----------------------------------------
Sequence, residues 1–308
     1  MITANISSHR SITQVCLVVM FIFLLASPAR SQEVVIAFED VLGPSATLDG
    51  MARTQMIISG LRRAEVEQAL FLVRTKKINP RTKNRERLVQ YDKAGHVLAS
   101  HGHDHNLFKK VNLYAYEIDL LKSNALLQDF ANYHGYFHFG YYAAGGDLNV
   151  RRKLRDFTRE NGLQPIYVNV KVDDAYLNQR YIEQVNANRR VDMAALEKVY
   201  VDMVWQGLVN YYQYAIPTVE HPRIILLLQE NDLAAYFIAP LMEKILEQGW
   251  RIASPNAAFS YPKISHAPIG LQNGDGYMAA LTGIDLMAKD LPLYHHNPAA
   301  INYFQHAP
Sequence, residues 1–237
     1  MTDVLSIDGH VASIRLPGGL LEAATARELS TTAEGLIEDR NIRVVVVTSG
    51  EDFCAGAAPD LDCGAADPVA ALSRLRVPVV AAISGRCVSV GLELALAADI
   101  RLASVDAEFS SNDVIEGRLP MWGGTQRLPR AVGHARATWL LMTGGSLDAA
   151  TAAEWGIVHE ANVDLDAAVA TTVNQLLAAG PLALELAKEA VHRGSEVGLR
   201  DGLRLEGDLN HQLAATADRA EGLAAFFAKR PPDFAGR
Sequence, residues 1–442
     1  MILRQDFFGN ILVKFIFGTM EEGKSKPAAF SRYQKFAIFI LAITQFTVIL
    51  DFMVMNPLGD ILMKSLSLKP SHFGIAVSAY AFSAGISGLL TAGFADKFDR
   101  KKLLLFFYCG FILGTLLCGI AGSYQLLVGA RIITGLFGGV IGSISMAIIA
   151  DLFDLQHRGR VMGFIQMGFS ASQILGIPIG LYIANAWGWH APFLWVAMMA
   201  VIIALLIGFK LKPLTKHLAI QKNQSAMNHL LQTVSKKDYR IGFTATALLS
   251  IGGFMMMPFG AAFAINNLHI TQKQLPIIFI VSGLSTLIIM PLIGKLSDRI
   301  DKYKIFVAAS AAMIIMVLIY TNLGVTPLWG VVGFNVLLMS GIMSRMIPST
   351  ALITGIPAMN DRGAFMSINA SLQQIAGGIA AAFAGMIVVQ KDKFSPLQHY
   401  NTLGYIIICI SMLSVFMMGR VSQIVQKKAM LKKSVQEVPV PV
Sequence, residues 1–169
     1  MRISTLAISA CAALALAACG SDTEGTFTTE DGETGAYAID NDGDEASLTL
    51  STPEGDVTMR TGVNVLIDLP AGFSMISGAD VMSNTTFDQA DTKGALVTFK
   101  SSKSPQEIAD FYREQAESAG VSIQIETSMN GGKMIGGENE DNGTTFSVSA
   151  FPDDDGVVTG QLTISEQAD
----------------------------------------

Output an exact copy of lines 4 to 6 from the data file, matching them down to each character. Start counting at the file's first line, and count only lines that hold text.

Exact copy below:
   101  HGHDHNLFKK VNLYAYEIDL LKSNALLQDF ANYHGYFHFG YYAAGGDLNV
   151  RRKLRDFTRE NGLQPIYVNV KVDDAYLNQR YIEQVNANRR VDMAALEKVY
   201  VDMVWQGLVN YYQYAIPTVE HPRIILLLQE NDLAAYFIAP LMEKILEQGW